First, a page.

EGU2020-8004
https://doi.org/10.5194/egusphere-egu2020-8004
EGU General Assembly 2020
© Author(s) 2020. This work is distributed under
the Creative Commons Attribution 4.0 License.

Projected soil organic carbon stocks in German croplands under different climate change scenarios

Catharina Riggers1, Christopher Poeplau1, Axel Don1, Cathleen Frühauf2, and René Dechow1
Catharina Riggers et al.
  • 1Thünen Institute of Climate-Smart Agriculture, Braunschweig, Germany (catharina.riggers@thuenen.de)
  • 2Deutscher Wetterdienst, ZAMF, Braunschweig, Germany

Mineralization of soil organic carbon (SOC) is driven by temperature and soil moisture. Thus, climate change might affect future SOC stocks with implications for greenhouse gas fluxes from soils and soil fertility of arable land. We used a model ensemble of different SOC models and climate projections to project SOC stocks in German croplands up to 2099 under different climate change scenarios of the Intergovernmental Panel of Climate Change. Current SOC stocks and management data were derived from the German Agricultural Soil Inventory. We estimated the increase in carbon (C) input required to preserve or increase recent SOC stocks. The model ensemble projected declining SOC stocks in German croplands under current management and yield levels. This was true for a scenario with no future climate change (-0.065 Mg ha-1 a-1) as well as for the climate change scenarios (-0.070 Mg ha-1 a-1 to -0.120 Mg ha-1 a-1). Thereby, preserving current SOC stocks would require an increase in current C input to the soil of between 51 % (+1.3 Mg ha-1) and 93 % (+2.3 Mg ha-1). We further estimated that a C input increase of between 221 % and 283 % would be required to increase SOC stocks by 34.4 % in 2099 (4 ‰ a-1). The results of this study indicate that increasing SOC stocks under climate change by a noticeable amount will be challenging since SOC losses need to be overcompensated.

How to cite: Riggers, C., Poeplau, C., Don, A., Frühauf, C., and Dechow, R.: Projected soil organic carbon stocks in German croplands under different climate change scenarios, EGU General Assembly 2020, Online, 4–8 May 2020, EGU2020-8004, https://doi.org/10.5194/egusphere-egu2020-8004, 2020

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Presentation version 1 – uploaded on 04 May 2020
  • CC1: Pool quality initialization, Thomas Wutzler, 05 May 2020

    The chat discussion revolved around initial pool changes, that might be artefacts of model initialization. Knowing the stocks from an inventory, but not the distribution across pools, i.e. quality, is a common problem that might play a role here.

    It is well discussed in the review of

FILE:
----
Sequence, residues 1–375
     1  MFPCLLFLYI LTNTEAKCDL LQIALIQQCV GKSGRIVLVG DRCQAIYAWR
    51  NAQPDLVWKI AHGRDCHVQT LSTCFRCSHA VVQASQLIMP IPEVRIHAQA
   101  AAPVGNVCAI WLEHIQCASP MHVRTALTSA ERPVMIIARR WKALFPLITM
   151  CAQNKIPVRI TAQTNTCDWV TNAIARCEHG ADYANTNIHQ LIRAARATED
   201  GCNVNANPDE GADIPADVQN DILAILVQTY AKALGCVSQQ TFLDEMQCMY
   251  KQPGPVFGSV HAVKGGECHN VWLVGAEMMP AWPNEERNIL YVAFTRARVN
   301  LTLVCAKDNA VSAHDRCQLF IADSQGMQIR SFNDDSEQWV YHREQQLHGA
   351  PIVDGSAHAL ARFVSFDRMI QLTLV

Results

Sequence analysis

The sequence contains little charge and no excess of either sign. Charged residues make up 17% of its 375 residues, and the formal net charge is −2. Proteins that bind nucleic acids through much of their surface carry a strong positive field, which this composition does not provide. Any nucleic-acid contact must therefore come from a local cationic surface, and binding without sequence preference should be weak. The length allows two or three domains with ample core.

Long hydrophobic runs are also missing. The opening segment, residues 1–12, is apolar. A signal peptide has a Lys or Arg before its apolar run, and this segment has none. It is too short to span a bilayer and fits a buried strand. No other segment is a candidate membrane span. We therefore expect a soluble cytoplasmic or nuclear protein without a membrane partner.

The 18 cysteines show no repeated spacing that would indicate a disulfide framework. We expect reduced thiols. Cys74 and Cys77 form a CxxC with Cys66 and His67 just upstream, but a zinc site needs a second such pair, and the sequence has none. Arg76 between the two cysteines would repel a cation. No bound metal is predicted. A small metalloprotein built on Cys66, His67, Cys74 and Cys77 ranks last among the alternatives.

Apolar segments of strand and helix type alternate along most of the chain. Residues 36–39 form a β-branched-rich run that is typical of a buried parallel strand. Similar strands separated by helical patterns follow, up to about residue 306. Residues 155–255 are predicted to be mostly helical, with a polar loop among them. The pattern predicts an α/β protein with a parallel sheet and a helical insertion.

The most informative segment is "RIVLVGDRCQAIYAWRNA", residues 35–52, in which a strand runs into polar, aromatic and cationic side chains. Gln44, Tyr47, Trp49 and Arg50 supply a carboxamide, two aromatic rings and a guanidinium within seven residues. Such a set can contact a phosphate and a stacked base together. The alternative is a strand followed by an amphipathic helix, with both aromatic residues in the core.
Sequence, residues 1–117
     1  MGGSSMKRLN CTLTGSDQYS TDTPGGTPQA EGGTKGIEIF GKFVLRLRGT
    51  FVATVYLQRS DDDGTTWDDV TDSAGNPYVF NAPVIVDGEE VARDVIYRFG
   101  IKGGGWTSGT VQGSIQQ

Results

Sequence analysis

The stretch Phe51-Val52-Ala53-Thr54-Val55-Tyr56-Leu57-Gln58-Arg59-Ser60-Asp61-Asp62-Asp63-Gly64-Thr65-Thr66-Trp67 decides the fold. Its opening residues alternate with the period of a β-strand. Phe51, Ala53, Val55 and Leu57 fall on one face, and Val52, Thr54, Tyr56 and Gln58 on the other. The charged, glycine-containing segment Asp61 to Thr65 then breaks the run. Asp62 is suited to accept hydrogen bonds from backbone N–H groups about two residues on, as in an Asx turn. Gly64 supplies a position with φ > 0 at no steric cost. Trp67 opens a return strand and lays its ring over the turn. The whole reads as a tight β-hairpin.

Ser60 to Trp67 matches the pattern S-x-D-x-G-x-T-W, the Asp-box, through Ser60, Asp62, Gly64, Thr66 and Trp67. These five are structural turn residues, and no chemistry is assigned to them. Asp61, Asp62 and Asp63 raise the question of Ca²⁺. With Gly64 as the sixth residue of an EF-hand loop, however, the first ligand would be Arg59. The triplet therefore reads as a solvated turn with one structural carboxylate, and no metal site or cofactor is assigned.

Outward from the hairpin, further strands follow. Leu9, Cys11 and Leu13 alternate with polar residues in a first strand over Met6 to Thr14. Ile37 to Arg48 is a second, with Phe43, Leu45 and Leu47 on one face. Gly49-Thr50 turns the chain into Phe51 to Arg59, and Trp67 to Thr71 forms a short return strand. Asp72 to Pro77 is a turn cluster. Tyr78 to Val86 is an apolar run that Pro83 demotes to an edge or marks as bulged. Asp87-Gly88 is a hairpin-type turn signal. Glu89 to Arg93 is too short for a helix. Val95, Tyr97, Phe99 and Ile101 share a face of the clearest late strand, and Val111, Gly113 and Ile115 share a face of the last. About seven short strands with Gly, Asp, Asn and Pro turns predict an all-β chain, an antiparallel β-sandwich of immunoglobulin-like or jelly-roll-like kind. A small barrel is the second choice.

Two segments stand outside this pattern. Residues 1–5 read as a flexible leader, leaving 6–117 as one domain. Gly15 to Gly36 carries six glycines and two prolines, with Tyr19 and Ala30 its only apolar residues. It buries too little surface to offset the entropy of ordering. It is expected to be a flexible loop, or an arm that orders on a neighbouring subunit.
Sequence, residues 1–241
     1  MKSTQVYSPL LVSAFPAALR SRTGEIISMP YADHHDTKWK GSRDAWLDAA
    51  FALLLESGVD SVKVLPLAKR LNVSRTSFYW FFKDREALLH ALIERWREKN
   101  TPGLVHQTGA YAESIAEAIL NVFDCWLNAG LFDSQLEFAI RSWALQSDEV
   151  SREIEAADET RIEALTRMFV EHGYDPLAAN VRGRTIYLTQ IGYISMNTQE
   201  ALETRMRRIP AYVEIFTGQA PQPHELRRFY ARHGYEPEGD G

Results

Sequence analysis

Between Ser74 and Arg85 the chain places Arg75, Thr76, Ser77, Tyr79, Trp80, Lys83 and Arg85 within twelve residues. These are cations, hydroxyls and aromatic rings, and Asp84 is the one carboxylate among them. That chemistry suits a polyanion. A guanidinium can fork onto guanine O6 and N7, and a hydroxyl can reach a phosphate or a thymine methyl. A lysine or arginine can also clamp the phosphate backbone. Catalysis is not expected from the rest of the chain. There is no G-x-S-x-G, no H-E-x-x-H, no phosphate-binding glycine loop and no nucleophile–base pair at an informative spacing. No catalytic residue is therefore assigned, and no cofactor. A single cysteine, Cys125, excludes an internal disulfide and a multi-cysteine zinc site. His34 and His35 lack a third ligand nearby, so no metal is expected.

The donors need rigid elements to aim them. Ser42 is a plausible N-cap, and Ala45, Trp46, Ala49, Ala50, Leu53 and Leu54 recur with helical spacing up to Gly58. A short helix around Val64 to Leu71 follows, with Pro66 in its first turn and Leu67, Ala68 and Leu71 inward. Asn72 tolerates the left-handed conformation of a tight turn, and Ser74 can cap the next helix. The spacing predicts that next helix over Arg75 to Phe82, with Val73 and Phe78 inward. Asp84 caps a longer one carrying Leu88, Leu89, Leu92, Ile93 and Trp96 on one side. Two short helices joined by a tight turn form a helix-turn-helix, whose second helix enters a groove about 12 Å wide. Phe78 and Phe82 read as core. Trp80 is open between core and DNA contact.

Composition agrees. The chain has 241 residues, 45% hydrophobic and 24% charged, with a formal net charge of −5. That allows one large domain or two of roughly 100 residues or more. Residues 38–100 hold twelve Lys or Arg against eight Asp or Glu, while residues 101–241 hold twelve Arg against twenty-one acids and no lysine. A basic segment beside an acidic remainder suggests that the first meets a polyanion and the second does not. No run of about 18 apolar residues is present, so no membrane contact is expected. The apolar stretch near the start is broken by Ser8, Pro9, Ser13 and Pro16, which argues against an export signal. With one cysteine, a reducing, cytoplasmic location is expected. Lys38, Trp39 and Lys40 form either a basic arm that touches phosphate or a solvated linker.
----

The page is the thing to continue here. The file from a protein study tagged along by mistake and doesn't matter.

Zhun Mao et al. Modeling soil organic carbon dynamics in temperate forests using Yasso07 Biogeosciences

    https://www.biogeosciences.net/16/1955/2019/bg-16-1955-2019-discussion.html

    • AC1: Reply to CC1, Rene Dechow, 07 May 2020

      In this study we assume indeed steady state conditions when initializing SOC models which might cause artefacts. However, the applied models, carbon input estimations and initialisation methods have been tested using a longterm observational network (139 sites, measured SOC time series of around 20 years each) under common agricultural management. In average, carbon stock changes could be well described by modelled trends although site specific errors were high (Riggers et al. 2019). Since both data sets, the longterm observational network and the agricultural soil inventory (used in this study) represent common managed arable soils (before and during the measurement period) we assumed that the model approach tested on the longterm observational network is also applicable for the sites of the agricultural soil inventory. Modelled C-stock changes (agricultural soil inventory) were in the same range as observed C stock trends (observational network).

      Artefacts by inappropriate initialisation might occur in the first decades of the modelling period but should diminish when longterm SOC changes are addressed since the influence of model initialisation method on modelled SOC stocks decreases with increasing length of the simulation period. Here the modelling period is about 83 years.  In a prior test, we compared recent measured SOC stocks of the agricultural soil inventory with modelled SOC stocks of longterm spinup runs bringing the C stock of ASI sites into equilibrium (based on recent management and weather conditions). Resulting trends and direction of SOC change after establishing an equilibrium compared well with the no climate change scenario. Mean SOC trends in the first two decades of the no climate change scenario were comparable with observed mean annual changes of the longterm observational network. Based on these results I assume that artefacts caused by inappropriate model initialisation are less relevant in this study although the initialisation method based on the partial equilibrium assumption in Mao et al(2019) would be an interesting alternative.

      Riggers et al. (2019) Multi-model ensemble improved the prediction of trends in soil organic carbon stocks in German croplands;